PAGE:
Conscious, that in compiling and publishing this little
volume, we have been prompted by an upright regard to
the best interests of our country, we commit it to the can-
dour and patronage of tiie public. We hope the youth of
the several states, a summary of whose history is here given,
will read with pleasure and improvement what we have
written for their particular use, with labour and delight;
that while reading, they will admire, then love, then imitate
the shining virtues of their pious forefathers, be emulous to
preserve pure their wise institutions, and, like them, receive
the applause and blessings of succeeding generations.

J. MORSE.
E. PARISH.

April, 1, 18^0.



CONTENTS.



Page.

Introduction ^^

CHAP. I.

The flight of the Puritans to Holland; their suffei-
ings during their residence there; their charac-
ter; their determination to remove, and their rea-
sons for removal 4S

CHAP. n.

Measures adopted for removing; their voyage; their
disappointment as to the place of their settlement,
through the treachery of the Dutch; the form of
government established; their landing at Cape Cod 55

CHAP. HI.

Character of the first settlers; Discovery of New-
England; Its boundaries, extent and settlement;
Destructive wars and pestilence among the na-
tives; nature of the Indian title to their lands 63



CONTENTS.



CHAP. IV



Excursions for discovery; a child born; another
voyage lor discovcryj^ attacked by Indians; dis-
cover the place uhich they afterwards named
Plymouth; two men left; Capt. Slandish elected
commander in chitT; dreadful winter; mortality;
an Indian visits them; treaty with Massasoit 74

CHAP. V.

Increase of their number; sufferings; a massacre of
Virginians; duel; Squanto dies; lands purchased;
visit to IMassasoit, who is sick; patent obtained;
first cattle in New-England; death and character
of Mr. Robinson 83

CHAP. VI.

A larger patent obtained; difficulties between the
company in England and the planters; persecu-
tion of the Puritans; sports on the Lord's day es-
tablished; Cromwell and others contemplate a re-
moval to America; Massachusetts purchased;
settled; charter obtained; its contents; first church
formed at Salem; addition of 1500 to the colony;
Indian conspiracy; scarcity; mortality; a num-
ber discouraged, return to England 93



CONTESTS.



CHAP. VII.



Church gathered in Chariestown; first court held
there; Morton scnterxed for stealing an Indian
canoe; Boston, Watertown, and Roxbury settled;
description of the former; scarcity and its good
effects; arrival ofGov. Winthrop's family; account
of Newbury; union of the two colonies 106

CHAP. VIII.

Complaint against the colonists; character of Rev.
Mr. Higginson; Ipswich settled; further emigra-
tions; representative government; code of laws
enacted 115

CHAP. IX.

Character of the first settlers; New-Hampshire and

Maine settled; Exeter planted 123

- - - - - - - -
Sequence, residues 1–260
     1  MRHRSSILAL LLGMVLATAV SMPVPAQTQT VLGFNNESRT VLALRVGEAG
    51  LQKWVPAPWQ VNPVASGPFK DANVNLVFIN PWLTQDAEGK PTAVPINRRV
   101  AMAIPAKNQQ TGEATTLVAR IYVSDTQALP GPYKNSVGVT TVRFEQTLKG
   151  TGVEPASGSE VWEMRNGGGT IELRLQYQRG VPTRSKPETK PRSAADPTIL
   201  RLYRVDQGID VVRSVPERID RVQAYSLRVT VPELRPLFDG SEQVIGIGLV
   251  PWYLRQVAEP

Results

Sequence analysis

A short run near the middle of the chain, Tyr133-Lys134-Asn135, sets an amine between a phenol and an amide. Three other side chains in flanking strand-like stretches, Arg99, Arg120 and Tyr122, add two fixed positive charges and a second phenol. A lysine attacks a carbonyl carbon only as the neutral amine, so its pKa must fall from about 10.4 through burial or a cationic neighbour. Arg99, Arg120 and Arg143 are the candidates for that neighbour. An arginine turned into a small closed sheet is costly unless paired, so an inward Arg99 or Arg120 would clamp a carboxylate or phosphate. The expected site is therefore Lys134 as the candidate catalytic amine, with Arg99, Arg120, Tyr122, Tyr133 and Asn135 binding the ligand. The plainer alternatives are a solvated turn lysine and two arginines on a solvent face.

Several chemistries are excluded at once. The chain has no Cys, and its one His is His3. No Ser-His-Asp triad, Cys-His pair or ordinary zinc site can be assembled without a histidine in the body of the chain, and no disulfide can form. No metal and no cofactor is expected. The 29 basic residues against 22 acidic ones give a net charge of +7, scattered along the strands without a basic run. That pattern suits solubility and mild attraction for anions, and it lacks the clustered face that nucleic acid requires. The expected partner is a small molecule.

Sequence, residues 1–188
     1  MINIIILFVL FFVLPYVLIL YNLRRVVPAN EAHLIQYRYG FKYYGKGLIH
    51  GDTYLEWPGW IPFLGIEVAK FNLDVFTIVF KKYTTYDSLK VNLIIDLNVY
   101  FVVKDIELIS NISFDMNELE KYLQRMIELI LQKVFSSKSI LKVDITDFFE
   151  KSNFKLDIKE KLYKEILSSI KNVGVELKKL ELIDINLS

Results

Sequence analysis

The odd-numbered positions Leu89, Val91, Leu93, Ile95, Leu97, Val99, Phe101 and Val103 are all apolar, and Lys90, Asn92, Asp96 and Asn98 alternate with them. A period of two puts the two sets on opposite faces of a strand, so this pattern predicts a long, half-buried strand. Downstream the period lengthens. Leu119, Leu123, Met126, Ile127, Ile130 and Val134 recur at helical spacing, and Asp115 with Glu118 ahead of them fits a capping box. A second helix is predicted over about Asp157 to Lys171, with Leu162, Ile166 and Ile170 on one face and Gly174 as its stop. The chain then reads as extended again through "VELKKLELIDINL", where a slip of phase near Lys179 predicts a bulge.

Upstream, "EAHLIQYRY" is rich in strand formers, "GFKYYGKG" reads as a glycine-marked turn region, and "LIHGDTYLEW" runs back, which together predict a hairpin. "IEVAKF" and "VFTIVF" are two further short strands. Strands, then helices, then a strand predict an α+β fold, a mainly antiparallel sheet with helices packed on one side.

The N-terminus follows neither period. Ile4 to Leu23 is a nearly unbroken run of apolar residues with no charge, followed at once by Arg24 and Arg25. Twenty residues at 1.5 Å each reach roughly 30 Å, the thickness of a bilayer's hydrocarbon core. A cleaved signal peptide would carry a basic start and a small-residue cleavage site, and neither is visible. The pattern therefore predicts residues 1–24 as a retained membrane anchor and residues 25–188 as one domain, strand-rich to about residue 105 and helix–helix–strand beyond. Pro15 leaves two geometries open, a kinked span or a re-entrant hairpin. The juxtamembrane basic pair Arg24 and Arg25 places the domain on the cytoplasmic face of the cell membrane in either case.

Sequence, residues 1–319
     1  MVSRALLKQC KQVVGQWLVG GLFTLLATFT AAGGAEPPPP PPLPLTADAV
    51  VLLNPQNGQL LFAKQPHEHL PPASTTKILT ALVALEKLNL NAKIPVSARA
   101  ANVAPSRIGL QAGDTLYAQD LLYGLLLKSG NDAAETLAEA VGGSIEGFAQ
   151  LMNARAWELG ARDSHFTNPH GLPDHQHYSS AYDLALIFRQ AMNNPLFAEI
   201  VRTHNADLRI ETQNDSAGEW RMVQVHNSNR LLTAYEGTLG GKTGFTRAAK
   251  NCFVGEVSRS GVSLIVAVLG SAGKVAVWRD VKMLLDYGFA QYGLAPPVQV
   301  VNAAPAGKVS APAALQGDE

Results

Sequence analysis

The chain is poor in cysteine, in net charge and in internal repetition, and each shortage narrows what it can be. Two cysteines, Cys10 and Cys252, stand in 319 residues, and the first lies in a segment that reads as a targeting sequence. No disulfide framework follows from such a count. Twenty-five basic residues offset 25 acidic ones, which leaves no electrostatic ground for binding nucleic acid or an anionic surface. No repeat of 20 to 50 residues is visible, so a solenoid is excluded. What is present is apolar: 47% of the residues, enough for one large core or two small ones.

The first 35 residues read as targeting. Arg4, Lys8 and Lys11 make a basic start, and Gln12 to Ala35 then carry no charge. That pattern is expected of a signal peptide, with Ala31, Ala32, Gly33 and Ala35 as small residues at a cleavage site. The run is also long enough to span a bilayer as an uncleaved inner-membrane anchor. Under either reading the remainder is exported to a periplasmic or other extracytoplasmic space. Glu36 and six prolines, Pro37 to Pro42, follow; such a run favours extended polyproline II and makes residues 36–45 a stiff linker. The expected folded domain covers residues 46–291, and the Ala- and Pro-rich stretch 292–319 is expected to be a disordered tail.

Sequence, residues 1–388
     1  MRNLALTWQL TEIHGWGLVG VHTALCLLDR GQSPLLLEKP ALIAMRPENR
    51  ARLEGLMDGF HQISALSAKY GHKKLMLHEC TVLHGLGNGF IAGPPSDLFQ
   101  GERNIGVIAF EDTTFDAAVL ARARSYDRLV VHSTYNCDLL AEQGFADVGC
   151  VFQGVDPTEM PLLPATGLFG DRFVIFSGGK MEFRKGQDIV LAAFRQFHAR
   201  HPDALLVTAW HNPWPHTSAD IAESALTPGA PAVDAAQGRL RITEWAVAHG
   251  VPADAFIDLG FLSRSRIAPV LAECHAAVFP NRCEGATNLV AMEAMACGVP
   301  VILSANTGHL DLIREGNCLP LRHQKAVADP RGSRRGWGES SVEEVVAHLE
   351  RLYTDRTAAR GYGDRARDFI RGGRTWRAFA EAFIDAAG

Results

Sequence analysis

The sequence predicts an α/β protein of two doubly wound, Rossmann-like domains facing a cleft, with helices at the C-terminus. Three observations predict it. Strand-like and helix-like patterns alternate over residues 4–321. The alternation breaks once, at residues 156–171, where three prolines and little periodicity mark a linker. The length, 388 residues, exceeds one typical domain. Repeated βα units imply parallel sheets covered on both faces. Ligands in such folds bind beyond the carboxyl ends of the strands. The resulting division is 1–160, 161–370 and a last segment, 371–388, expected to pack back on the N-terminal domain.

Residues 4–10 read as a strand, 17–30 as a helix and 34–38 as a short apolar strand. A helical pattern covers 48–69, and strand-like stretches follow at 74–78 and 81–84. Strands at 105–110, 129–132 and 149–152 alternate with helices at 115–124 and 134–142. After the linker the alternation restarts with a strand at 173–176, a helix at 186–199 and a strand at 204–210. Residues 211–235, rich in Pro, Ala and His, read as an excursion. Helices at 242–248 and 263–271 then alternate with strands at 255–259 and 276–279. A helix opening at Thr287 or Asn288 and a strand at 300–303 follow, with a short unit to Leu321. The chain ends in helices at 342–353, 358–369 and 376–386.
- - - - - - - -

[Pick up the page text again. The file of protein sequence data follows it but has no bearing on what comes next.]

CHAP. X.

Settlement of Connecticut; character of Rev. INIr.

Davenport 134

CHAP. XI.

Histor}' of Connecticut continued; character of Rev.

Mr. Thomas Hooker 147



Vifi CONTENTS.

CHAP. XII.

Settlement of Rhode-Island; this colony refused ad-
mittance into the confederation; Narraganset In-
dians surrender their country to the king of Eng-
land; Roman Catholics; charter surrendered 158

CHAP. XIII.

War ^vith the Pcquot Indians 166

CHAP. XIV.

Earthquake; Uncas visits Gov. Winthrop; Hamp-
ton settled; Harvard College founded; Indian plot
at Kennebec; settlement of Rowley; character of
Kev. Ezekiel Rogers 175

CHAP. XV.

Emigration ceased; settlement of Woburn; Consid-
eration of the colonies; Eastham settled; charac-
ter of Mr. Treat; Gov. Winthrop*s speech;
his character 184

CHAP. XVI.

Character of the natives who inhabited New-
England 19a

CHAP. XVII.

The society for propagating the gospel; the faithful
labours of the New-England ministers to instruct
the natives in the religion of Jesus Christ 198



CONTENTS. IX

CHAP. XVIII.

Quakers persecuted; apology for our forefathers;

synod of 1662; character of Capt. Standish 205

CHAP. XIX.

Comet; Philip's war; life and character of Capt.

Church 232

CHAP. XX,

Sufferings of the colonists; Synods of New-England 242

CHAP. XXI.

Loss of charter; state of New-England; Andros ar-
rives; tenor of his administration; William and
Mary proclaimed; Indian war; expedition against
Canada and Nova- Scotia; New charter 254

CHAP. XXII.*

Witchcraft 261

CHAP. XXIII.

French war; Complaint against Gov. Phips; his
character; Indian and French ravages; Yale col-
lege; Indian war; Peace; death of Queen Ann;
George I. crowned; Small pox; Earthquake;
Burnet governor; his death 27;e



X CONTENTS.

CHAP. XXIV.

Public ferment in Massachusetts; Dreadful mortal-
ity; line established between Massachusetts and
New-Hampshire; Shirley governor; Louisbourg
taken; French invasion; Congress at Albany;
Nova-Scotia taken; Braddock's defeat 275

CHAP. XXV.

Stamp act; Dartmouth college founded; Lexington